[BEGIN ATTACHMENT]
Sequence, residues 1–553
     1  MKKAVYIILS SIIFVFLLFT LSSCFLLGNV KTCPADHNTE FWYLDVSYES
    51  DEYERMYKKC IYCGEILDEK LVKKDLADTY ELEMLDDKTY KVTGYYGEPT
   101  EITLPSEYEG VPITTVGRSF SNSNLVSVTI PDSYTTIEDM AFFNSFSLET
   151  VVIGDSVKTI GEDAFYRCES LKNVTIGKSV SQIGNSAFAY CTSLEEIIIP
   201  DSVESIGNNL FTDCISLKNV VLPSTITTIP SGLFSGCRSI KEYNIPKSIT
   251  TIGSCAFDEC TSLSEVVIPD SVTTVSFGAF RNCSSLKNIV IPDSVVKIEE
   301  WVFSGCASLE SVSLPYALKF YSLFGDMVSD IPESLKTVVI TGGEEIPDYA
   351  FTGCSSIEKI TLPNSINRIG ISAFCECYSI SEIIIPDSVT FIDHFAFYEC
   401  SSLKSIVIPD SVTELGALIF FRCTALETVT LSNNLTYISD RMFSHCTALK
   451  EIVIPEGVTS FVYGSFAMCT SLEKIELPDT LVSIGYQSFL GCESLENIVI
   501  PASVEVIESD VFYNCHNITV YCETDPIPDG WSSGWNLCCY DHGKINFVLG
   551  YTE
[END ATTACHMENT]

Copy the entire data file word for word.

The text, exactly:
Sequence, residues 1–553
     1  MKKAVYIILS SIIFVFLLFT LSSCFLLGNV KTCPADHNTE FWYLDVSYES
    51  DEYERMYKKC IYCGEILDEK LVKKDLADTY ELEMLDDKTY KVTGYYGEPT
   101  EITLPSEYEG VPITTVGRSF SNSNLVSVTI PDSYTTIEDM AFFNSFSLET
   151  VVIGDSVKTI GEDAFYRCES LKNVTIGKSV SQIGNSAFAY CTSLEEIIIP
   201  DSVESIGNNL FTDCISLKNV VLPSTITTIP SGLFSGCRSI KEYNIPKSIT
   251  TIGSCAFDEC TSLSEVVIPD SVTTVSFGAF RNCSSLKNIV IPDSVVKIEE
   301  WVFSGCASLE SVSLPYALKF YSLFGDMVSD IPESLKTVVI TGGEEIPDYA
   351  FTGCSSIEKI TLPNSINRIG ISAFCECYSI SEIIIPDSVT FIDHFAFYEC
   401  SSLKSIVIPD SVTELGALIF FRCTALETVT LSNNLTYISD RMFSHCTALK
   451  EIVIPEGVTS FVYGSFAMCT SLEKIELPDT LVSIGYQSFL GCESLENIVI
   501  PASVEVIESD VFYNCHNITV YCETDPIPDG WSSGWNLCCY DHGKINFVLG
   551  YTE